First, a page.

Wednesday, October 15, 2008
Amy Minato's SIESTA LANE gets nod from Kirkus!
In a demonstration of exquisite taste, Kirkus gives Amy Minato's SIESTA LANE a very good review. Here it is:
A restless city poet recounts her experiment with country living.
The idea to swim against the “consumptive current” and move west came to Minato (The Wider Lens, 2004) during a Chicago traffic jam. Increasingly bothered by the global impact her metropolitan existence was having on the environment, the poet packed up and headed to Oregon for graduate school.
But after eight years, even Eugene proved too urban for her, and she moved again, this time to a ten-square-foot cabin that was part of an eight-acre commune on Siesta Lane in the relative wilds of Rainbow Valley, Ore.
Her memoir, a veritable menagerie of thoughts, observations, photos, poems and lovely pen-and-ink drawings by Jan Muir, is the result of Minato’s year or so away, where she discovered as much about herself as the wonders of nature. “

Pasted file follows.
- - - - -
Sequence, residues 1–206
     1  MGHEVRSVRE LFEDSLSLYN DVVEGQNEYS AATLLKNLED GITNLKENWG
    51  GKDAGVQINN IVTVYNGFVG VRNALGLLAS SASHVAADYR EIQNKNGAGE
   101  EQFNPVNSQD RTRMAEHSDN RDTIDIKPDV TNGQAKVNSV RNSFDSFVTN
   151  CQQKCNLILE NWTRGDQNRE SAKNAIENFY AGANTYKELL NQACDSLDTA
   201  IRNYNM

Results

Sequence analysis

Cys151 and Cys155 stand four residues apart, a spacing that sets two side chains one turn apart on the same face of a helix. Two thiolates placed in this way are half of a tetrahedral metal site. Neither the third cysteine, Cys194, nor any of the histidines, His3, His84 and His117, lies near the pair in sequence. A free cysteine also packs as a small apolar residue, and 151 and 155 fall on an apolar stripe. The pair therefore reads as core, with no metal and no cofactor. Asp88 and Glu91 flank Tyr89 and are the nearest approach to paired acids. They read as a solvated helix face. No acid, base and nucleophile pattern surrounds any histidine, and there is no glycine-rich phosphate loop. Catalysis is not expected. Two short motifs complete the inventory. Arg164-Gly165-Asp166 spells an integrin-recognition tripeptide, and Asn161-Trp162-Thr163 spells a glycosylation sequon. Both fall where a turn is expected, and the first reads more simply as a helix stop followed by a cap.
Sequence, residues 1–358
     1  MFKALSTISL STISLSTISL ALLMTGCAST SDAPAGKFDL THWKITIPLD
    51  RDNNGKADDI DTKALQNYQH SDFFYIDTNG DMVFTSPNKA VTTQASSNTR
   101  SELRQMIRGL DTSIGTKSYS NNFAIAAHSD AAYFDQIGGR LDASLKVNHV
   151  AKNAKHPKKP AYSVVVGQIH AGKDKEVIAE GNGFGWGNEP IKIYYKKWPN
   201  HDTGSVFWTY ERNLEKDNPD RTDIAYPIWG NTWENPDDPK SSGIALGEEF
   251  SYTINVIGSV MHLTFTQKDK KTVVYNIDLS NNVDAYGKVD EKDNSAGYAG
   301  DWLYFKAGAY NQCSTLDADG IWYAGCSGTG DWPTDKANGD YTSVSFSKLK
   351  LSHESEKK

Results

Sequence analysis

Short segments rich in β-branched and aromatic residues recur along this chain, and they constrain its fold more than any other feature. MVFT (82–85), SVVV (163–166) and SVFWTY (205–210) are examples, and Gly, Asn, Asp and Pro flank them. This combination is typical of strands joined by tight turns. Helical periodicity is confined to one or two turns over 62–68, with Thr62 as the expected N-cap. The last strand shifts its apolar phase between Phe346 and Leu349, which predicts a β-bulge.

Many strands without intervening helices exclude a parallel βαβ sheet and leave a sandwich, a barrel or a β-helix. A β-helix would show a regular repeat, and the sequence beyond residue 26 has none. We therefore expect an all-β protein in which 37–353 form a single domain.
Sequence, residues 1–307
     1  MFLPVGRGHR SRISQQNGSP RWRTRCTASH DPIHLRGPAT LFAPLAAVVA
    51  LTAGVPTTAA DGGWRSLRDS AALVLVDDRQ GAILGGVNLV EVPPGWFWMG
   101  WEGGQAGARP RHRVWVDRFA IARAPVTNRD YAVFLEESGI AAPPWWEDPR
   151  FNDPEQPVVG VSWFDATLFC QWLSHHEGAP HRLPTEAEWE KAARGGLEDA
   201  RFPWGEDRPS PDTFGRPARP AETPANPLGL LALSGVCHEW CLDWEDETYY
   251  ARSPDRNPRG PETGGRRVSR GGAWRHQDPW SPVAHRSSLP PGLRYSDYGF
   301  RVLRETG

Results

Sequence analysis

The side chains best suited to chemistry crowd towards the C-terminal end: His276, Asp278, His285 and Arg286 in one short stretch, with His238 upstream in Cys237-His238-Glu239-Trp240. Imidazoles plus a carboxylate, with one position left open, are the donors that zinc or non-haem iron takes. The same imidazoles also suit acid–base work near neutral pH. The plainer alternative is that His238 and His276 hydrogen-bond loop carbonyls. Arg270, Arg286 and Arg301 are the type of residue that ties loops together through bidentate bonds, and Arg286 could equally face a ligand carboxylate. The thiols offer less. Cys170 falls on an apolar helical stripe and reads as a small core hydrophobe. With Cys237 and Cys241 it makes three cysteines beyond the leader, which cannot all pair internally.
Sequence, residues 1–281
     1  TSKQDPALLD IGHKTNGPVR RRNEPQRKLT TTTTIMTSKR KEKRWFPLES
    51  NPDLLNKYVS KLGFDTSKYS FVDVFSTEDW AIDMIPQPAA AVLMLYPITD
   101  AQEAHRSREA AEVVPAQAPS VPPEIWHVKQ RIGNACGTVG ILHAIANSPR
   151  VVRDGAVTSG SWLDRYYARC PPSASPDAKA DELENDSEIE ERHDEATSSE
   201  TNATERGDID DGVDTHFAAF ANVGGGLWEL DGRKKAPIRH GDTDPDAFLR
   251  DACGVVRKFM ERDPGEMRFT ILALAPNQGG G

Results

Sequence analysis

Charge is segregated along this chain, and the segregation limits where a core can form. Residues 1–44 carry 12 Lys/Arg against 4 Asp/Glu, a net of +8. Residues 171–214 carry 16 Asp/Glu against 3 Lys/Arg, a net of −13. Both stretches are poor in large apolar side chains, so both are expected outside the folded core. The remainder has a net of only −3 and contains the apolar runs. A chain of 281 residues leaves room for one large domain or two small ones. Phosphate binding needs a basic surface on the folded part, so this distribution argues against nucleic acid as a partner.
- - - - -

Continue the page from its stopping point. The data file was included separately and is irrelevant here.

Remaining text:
Not so simple—simple living,” she realized early on. Characterizing each of her fellow Siesta Lane residents, the author doesn’t neglect herself, saying she’s a “single woman with ninety-eight part-time jobs trying to figure out how she connects to the greater forces of the universe and to the tiny earwigs that hide in the curled-up seed heads of Queen Anne’s lace.”
Part of this volume’s charm lies in its somewhat fractured composition, which mirrors the author’s state of mind during this transitional period. Short chapters hop from “Incubation” to “Freaks” to “July” to “The Garden,” while loosely conveying the sense of time’s passage as Minato adjusted to her rustic domestic situation.
Living without many modern conveniences—for example, only the commune’s main building had a kitchen and running water—led her to provocative conclusions: “For us it appears to primarily be the mind that evolves, and we then cater our surroundings to our weakening bodies.” She took some radical actions as well, such as getting rid of her cat after he brought home one too many birds.
An evocative record of a year in the woods and an interesting study in enacting one’s beliefs.
You can preorder now from Amazon here; pub date is January 9, 2009